Arts Week 2018: Floating Islands

Ellie Warr is a full-time student on the Birkbeck and RADA Text & Performance MA. She is currently collaborating with members of the T&P course to develop a new show inspired by the offshore bars established by the LGBTQ+ community of New Orleans. She writes here about Professor Gill Perry’s lecture Floating Islands In Contemporary Art, and was drawn to the event by the promise of different perspectives on the way that islands, and the themes of exile and identity, interact.

Floating plastic waste … a trash island in the making

The lecture took place in the cinema at 43 Gordon Square, which allowed Visiting Professor Gill Perry to share large images of the work of Alex Hartley, Robert Smithson and Andrea Zittel with her audience. ‘Floating islands’ is a sub-category of the subject of Perry’s forthcoming publication, Islands in Contemporary Art, and the lecture provided an opportunity for Perry to work through some of the issues that she was encountering in her research, including the scarcity of women artists creating work in the topic.

Coverage of floating islands in literature is abundant, Perry argued, while in the visual arts the subject is a lot less busy. Perry is thinking specifically of 18th and 19th century science and fantasy fiction, such as Jules Verne’s, The Floating Island, in which a propeller-powered, aristocrat-laden mobile island tours the Pacific Ocean. For contemporary visual artists, the idea of the floating island is pertinent to critical ideas such as migration and ‘post-Brexit fantasies of our separate island status’.

Global warming was the direct cause of Alex Hartley’s ‘Now Here is Land’, an island in the high arctic region of Svalbard that Hartley ‘discovered’ in 2004. Now Here is Land (also pronounced ‘no where island’) was revealed as a result of glacial retreat and claimed by Hartley in a satire of colonial statement. After securing a commission from the Arts Council as part of the 2012 Cultural Olympiad, Hartley won his appeal for the island’s independence and tugged a piece the size of a football pitch around the south west coast of England. His ‘new nation for a complicated world’ ornamented, or ‘disfigured’, the seaside snaps of holidayers from Weymouth to Bristol, many of whom became citizens via the island’s mobile embassy. 23,003 signed up in total, and were ‘rewarded’ for their global spirit by receiving a chunk of the island once the tour was done.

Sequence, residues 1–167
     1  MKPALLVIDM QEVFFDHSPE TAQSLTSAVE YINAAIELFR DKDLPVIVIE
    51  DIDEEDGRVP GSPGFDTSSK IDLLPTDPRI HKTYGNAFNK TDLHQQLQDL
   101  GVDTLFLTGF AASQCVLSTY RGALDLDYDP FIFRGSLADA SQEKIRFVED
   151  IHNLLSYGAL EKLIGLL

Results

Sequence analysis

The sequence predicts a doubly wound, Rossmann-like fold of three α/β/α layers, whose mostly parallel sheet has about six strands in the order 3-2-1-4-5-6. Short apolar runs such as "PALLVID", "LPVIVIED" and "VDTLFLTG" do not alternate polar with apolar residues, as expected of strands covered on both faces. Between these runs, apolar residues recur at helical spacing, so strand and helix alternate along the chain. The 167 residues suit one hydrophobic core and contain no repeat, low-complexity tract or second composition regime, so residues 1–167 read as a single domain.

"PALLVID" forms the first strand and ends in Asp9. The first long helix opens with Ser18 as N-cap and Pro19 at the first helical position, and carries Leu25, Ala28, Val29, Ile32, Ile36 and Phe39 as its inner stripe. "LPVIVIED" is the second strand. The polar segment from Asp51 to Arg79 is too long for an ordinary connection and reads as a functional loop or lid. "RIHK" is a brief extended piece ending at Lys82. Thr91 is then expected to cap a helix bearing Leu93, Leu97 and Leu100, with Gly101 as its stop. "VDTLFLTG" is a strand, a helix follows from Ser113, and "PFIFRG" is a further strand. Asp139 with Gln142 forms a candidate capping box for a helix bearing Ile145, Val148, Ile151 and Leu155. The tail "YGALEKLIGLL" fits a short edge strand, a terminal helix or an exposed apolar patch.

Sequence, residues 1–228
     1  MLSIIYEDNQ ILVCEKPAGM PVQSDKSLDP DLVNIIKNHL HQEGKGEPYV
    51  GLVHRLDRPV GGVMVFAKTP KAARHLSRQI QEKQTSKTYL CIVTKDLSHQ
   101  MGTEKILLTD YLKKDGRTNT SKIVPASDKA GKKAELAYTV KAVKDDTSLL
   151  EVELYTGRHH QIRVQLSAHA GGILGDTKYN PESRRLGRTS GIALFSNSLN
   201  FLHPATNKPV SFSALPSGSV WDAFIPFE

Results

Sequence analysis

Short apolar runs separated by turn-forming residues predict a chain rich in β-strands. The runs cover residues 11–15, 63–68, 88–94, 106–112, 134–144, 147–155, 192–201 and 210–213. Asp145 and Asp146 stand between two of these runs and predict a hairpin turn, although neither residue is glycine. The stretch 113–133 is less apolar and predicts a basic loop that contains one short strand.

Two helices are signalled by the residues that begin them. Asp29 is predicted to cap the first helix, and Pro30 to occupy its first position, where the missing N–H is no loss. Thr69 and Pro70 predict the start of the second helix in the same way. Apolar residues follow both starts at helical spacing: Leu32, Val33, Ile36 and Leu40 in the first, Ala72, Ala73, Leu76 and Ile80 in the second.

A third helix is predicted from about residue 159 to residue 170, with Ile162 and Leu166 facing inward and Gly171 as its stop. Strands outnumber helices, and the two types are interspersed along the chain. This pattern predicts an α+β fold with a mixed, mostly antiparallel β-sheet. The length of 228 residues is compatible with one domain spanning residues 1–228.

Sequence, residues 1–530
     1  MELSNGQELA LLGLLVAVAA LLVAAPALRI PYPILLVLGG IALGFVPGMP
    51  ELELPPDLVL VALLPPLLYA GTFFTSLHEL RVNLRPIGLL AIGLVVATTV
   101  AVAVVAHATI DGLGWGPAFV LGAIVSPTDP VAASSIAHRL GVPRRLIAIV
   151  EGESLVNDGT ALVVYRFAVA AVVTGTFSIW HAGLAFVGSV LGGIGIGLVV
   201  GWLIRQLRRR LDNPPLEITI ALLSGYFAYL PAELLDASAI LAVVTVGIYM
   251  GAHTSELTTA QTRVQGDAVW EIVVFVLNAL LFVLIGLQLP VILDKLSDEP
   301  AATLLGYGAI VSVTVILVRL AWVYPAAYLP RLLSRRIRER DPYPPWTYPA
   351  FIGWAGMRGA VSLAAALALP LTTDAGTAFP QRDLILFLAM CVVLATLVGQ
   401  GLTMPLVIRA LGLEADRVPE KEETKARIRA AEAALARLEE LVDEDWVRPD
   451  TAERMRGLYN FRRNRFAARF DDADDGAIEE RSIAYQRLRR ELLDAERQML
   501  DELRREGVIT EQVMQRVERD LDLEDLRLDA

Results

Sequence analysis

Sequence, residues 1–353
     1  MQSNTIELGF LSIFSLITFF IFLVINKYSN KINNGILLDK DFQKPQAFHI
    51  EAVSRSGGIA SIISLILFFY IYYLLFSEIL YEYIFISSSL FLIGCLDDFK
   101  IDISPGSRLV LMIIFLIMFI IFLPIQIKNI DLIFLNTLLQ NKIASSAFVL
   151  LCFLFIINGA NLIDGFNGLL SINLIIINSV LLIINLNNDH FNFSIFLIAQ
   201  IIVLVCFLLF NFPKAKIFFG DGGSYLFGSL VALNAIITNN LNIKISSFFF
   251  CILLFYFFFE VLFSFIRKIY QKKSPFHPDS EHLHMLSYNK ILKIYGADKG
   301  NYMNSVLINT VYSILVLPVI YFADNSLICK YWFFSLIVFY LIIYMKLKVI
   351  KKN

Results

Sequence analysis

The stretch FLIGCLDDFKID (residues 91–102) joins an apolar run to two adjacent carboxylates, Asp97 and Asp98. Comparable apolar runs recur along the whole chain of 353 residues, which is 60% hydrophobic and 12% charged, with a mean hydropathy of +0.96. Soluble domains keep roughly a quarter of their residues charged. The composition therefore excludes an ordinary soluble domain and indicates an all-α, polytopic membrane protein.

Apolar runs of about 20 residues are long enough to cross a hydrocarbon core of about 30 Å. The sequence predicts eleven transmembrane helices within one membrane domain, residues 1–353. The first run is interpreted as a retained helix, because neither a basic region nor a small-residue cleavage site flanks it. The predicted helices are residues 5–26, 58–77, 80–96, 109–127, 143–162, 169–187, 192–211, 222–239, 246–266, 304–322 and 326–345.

The commission was a subversive element of the Cultural Olympiad and Perry wryly commented that Hartley does not think the idea would receive funding if proposed today. As an anti-nation state, Now Here is Land pokes at the resurgence of the nation-state in recent years. Perry juxtaposed the island with the more easily recognisable Orbit, the 114.5-metre-high sculpture by Sir Anish Kapoor that has reshaped the East London landscape and exemplifies the ‘hubristic masculinity’ that Perry also recognises in Christo’s forthcoming Mastaba, a huge floating installation piece coming to the Serpentine this summer.

In contrast, Perry argued, Hartley’s work is more in keeping with the potentially ‘naive’ works of Lucy and Jorge Orta, whose Antarctica Project (2007) featured a series of tents decorated with flags from around the world recalling the temporary accommodation of refugees fleeing military and social conflict. Like Hartley, the Orta’s mimicked the processes by which nationhood is constructed, distributing the Antarctica World Passport, ‘which included a proposal to ratify the UN Declaration of Human Rights: Article 13.3. Everyone has the right to move freely and cross-frontiers to their chosen territory. No individual should have an inferior status to that of capital, trade, telecommunication, or pollution that traverse all borders.’ Perry emphasised the way that contemporary artists invoke symbolic citizenship as a form of political activism; acts of collective power that are exempt from the 21st century ideals of individualism and isolation that the island motif offers.

Perry opened the floor to questions towards the end of the session, inviting her audience to comment on the wide-ranging nature of her research so far. One of the issues of the subcategory of floating islands, Perry explained, was in constructing a justifying criteria. However, while the international campaign to recognise the Trash Isles, the island of plastic floating in the Pacific, as an official country continues to raise awareness about the critical issues of the contemporary, I think Perry’s efforts will remain highly relevant.

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